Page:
# Python list traversal with gaps

Hi I have a multidimensional list such as:

``````my_list = [[1,2,3,1,2],[1,0,3,1,2],[1,0,0,0,2],[1,0,3,0,2]]
``````

where 0 represents a gap between two pieces of data.

What I need to do is iterate through the list and keep track of how many gaps are in each sublist and throw away the zeros. I think the best way is to break each sublist into chunks where there are zeros so I end up with smaller lists of integers and a number of gaps. Ideally, to form a new list which tells me the length of each chunk and number of gaps (i.e. chunks -1), such as:

``````new_list = [[5, 0], [[1, 3], 1], [[1, 1], 1], [[1, 1, 1], 2]]
``````

or probably better:

``````new_list = [[5], [1, 3], [1, 1], [1, 1, 1]]
``````

and I will know that the gaps are equal to len(chunk).

EDIT: However, leading and trailing zeros do not represent gaps. i.e. [0,0,1,2] represents one continuous chunk.

Any help much appreciated.

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What are you planning on doing with this? Could you use a `numpy` masked array instead? –  mgilson Nov 29 '12 at 19:46
Sorry. Basically I want the new list represent the chunks of integers (as length), where a zero in the original list represented a gap. –  Darwin Tech Nov 29 '12 at 19:47

`itertools.groupby()` is perfect for this:

``````from itertools import groupby
my_list = [[1,2,3,1,2],[1,0,3,1,2],[1,0,0,0,2],[1,0,3,0,2]]
new_list = [[len(list(g)) for k, g in groupby(inner, bool) if k] for inner in my_list]
``````

Result:

``````>>> new_list
[[5], [1, 3], [1, 1], [1, 1, 1]]
``````

The result contains the length of each non-zero chunk for each sublist, so for example `[1,0,3,1,2]` gives `[1,3]`, so there are two chunks (one gap). This matches your second output format.

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That seems really close, and quite advaced for me. However, I tried it with a list where the last element is `[0,0,2,3]` and the result is `[2]`. In this instance the result should be `[1]` (i.e. no gaps). –  Darwin Tech Nov 29 '12 at 19:52
it fails for `[0,0,1,2] `, returns `2` for it. the correct answer should be 1, see the Edit. –  Ashwini Chaudhary Nov 29 '12 at 20:17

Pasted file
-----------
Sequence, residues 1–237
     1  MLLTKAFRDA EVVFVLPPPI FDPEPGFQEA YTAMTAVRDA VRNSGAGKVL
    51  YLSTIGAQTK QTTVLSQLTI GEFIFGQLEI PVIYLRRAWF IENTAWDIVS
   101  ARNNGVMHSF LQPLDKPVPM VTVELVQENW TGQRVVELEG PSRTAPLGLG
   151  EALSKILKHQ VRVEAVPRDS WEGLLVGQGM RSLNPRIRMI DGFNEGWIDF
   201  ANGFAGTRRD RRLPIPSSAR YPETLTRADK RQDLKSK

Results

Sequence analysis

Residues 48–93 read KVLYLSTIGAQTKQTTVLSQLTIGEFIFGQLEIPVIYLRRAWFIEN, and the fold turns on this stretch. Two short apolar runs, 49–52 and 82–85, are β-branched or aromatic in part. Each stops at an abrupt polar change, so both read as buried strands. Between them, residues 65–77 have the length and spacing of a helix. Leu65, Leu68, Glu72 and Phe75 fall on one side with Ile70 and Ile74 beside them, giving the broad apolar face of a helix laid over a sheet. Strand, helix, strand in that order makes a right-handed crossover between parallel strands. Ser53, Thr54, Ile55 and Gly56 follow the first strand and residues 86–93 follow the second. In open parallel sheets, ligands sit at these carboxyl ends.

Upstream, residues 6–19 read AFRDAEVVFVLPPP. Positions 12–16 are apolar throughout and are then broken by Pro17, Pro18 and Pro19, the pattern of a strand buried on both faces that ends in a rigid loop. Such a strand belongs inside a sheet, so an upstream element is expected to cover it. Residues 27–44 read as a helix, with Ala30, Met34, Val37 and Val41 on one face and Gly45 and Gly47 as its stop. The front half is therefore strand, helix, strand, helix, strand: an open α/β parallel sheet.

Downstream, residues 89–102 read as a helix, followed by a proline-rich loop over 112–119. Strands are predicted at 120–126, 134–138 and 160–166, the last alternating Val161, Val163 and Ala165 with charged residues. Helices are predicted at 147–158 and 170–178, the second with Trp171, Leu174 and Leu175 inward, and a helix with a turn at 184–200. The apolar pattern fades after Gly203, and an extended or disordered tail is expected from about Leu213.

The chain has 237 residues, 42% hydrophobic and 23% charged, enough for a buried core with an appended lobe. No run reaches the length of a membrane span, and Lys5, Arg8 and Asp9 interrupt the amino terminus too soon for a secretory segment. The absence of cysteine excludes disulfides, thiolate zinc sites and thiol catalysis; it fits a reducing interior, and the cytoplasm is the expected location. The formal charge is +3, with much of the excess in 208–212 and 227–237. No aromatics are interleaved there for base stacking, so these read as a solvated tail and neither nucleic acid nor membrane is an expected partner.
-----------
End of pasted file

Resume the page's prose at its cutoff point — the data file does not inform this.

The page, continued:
Yes. Leading and trailing zeros seem to be the issue. I realise I could go through the list and remove trailing and leading zeros first, but then I loose some of the elegance of @F.J.s answer. –  Darwin Tech Nov 29 '12 at 20:19
How is that the wrong result? The `[2]` that you get for `[0,0,2,3]` means that there are no gaps (length of result minus 1 is number of gaps). `[0,0,2,3]`, `[2,3,0,0]`, and `[0,2,3,0]`, and `[2,3]` will all give `[2]` to indicate that there are two consecutive non-zero elements without gaps. –  Andrew Clark Nov 29 '12 at 20:43
Actually zero represents the gaps. So the leading zeros in `[0,0,2,3]` mean that there is a gap of two places between nothing and the first integer. In my mind this is not a gap. A gap only exists between two integers. –  Darwin Tech Nov 29 '12 at 20:47

Here is my humble code without any imports:

The algorithm is slightly long:

``````def toggle(n):
return n != 0

def chunk_counter(L):
"""
list -> list
"""

chunk_list = []
pivots = []
for j in range(len(L)):
if j == 0 and toggle(L[0]):
pivots.append(j)
elif toggle(L[j]) and toggle(L[j]) != toggle(L[j-1]):
pivots.append(j)

for m in range(len(pivots)):
k = 0
if m == len(pivots)-1:
bound = len(L)
else:
bound = pivots[m+1]

p = 0
while p in range(bound - pivots[m]):
if toggle(L[pivots[m] + p]):
k += 1
p += 1
else:
p += 1
chunk_list.append(k)

return chunk_list

def chunks(L):
"""
(list of lists) -> list of lists
"""

new_list = []
for i in range(len(L)):
new_list.append(chunk_counter(L[i]))

return new_list
``````

So, you may try the function `chunks()` on your list:

``````>>> L = [[1,2,3,1,2],[1,0,3,1,2],[1,0,0,0,2],[1,0,3,0,2], [0,0,1,2]]
>>> chunks(L)
[[5], [1, 3], [1, 1], [1, 1, 1], [2]]
``````

Here's a recursive definition (a replacement for Chunk Counter):

``````    counter_list = []
def counter(L):
k = 0
while(k < len(L) and L[k] != 0):
k +=1
counter_list.append(k)
if k == len(L):
print counter_list
else:
counter(L[k+1:])
``````
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